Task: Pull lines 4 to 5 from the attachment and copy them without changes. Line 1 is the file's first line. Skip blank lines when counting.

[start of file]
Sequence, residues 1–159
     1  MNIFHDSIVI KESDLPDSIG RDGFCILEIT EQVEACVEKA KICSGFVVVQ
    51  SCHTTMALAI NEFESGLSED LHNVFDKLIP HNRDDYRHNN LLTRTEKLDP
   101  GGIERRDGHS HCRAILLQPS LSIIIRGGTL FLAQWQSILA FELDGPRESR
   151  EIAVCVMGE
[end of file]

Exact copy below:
   101  GGIERRDGHS HCRAILLQPS LSIIIRGGTL FLAQWQSILA FELDGPRESR
   151  EIAVCVMGE